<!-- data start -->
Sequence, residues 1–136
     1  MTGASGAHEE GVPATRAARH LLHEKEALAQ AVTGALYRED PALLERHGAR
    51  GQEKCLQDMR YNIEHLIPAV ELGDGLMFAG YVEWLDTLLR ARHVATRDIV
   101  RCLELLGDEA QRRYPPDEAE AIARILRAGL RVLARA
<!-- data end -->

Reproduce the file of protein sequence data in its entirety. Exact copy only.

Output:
Sequence, residues 1–136
     1  MTGASGAHEE GVPATRAARH LLHEKEALAQ AVTGALYRED PALLERHGAR
    51  GQEKCLQDMR YNIEHLIPAV ELGDGLMFAG YVEWLDTLLR ARHVATRDIV
   101  RCLELLGDEA QRRYPPDEAE AIARILRAGL RVLARA